How does a gifted and talented education programme work in a mainstream primary school?

St Andrew’s Cathedral School delivers differentiated education programmes from Kindergarten for students identified as ‘gifted and talented’. But how does it work and how do parents know if their child needs the extra stimulus provided by such a programme?

The Head of Junior School, Rhonda Robson, says it becomes evident from a young age if a child would benefit from additional intellectual stimulus.

“There are a multitude of ways to identify giftedness in the early years, including precocity of vocabulary, literacy and computational skills,” she says. “Reaching milestones in walking and talking and then in early reading competency before their age peers, advanced academic performance in the early years, even social and emotional competency in pre-school and in the early years of schooling, all point to high academic potential that teachers and specialists can benchmark.

“From Kindergarten, we provide opportunities in the form of short-term extension groupings that offer intensive challenges in maths, literacy, philosophy and critical thinking. There are additional opportunities for Years 3-6 students that some Stage 1 students may be invited to join as well.”


From Year 3 – 6, St Andrew’s Cathedral School offers accelerated curriculum classes for the most academically able students. “They are able to learn content at a faster pace alongside like-minded peers,” says Rhonda. “It allows them to go deeper in their learning and go beyond the core curriculum.”

“For the exceptionally gifted student, we offer targeted interventions such as subject and grade acceleration. Students also take part in external competitions in various subject areas, competing individually and as a team. Individual educational projects are also designed with a mentor to motivate and extend exceptional students.”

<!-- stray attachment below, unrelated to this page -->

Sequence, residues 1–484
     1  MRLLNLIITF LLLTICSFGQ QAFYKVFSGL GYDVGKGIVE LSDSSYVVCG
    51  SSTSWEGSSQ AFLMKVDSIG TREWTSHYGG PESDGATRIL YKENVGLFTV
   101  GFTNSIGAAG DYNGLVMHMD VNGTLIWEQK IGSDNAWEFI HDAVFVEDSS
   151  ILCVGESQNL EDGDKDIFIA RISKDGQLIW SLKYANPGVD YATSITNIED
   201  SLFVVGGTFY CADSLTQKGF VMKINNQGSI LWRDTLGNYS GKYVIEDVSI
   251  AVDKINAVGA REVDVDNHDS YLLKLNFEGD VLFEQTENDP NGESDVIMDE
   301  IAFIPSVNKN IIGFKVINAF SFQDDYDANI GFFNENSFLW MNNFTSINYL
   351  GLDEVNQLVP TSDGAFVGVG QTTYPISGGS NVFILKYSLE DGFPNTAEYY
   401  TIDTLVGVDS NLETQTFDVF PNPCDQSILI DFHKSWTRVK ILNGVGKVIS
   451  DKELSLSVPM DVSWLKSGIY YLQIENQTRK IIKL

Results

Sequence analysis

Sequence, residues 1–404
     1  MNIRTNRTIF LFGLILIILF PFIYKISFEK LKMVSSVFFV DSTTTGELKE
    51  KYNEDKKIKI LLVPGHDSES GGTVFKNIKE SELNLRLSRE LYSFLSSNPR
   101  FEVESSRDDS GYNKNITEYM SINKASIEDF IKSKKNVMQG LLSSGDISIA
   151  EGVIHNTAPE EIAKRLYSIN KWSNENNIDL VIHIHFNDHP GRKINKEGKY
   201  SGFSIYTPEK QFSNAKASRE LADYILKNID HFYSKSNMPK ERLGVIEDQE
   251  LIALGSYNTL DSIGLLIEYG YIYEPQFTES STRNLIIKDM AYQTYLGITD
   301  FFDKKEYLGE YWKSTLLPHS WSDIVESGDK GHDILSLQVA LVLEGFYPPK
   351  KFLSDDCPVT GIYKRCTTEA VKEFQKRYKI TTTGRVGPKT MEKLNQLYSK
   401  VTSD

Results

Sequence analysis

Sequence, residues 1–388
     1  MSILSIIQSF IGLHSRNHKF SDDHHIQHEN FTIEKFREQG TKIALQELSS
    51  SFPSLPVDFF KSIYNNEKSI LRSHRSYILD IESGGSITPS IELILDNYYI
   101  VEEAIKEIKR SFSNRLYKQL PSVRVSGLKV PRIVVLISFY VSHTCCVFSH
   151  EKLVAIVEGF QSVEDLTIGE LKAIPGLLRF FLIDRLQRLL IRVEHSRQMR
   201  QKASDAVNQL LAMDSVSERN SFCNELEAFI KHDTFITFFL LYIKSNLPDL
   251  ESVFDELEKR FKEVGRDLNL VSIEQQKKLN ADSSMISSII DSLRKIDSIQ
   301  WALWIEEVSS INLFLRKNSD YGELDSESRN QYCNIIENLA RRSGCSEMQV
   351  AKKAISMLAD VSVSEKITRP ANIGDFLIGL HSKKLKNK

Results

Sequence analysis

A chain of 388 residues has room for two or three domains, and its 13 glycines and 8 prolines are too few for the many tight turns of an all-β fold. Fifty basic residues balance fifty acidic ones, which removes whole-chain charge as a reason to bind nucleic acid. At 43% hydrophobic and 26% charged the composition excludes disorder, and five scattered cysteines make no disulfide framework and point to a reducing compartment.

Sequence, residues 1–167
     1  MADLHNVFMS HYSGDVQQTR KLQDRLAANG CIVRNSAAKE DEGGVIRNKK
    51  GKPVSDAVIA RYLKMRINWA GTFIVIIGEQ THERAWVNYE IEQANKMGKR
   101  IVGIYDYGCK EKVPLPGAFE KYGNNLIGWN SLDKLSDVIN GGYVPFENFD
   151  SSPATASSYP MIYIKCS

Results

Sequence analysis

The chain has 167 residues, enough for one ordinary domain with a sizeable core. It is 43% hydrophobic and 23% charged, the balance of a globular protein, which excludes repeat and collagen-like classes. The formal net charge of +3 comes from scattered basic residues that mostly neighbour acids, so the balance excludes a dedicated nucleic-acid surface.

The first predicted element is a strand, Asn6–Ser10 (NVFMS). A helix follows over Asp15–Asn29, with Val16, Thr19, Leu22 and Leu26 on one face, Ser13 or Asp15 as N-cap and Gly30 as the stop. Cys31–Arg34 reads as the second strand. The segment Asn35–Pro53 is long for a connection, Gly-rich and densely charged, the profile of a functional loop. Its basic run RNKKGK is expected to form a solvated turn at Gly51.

One of the benefits of a Kindergarten to Year 12 school is the academic tracking and extensive opportunities that can be offered as a student transitions into secondary school. “All of our Junior School students access facilities and specialist teachers across the curriculum,” Rhonda says. “Our Junior School Gifted and Talent Coordinators also work with their secondary school colleagues so that the in-depth knowledge and understanding of each student is directly communicated and used to differentiate learning from Year 7. Subject streaming takes place across the secondary school and allows for further differentiation as students’ progress through their schooling.”


So, what do the experts recommend parents do to support their young gifted child?

Junior School Gifted and Talented Coordinator Donna Gibbs recommends parents look for opportunities to extend their child’s vocabulary. “I also encourage learning of a musical instrument or a second language. Looking for any opportunities that enhance your child’s awareness of themselves as a learner and foster a deep knowledge in a personal area of interest, will satisfy their intellectual needs from an early age,” Donna says. “Variety is key and it’s important to explore options that involve children of different ages.”

St Andrew’s Cathedral School, a Kindergarten to Year 12 Anglican school located in Sydney’s CBD, is hosting two information evenings for families with primary-aged children in coming weeks:

  • Junior School Twilight Tour on Monday 22 August at 4.30pm
  • Expertise in Literacy seminar on Wednesday 7 September from 5pm.

To book your place, please visit:


Located in the heart of Sydney’s CBD, St Andrew’s Cathedral School is an innovative, co-educational day school, providing students from […]

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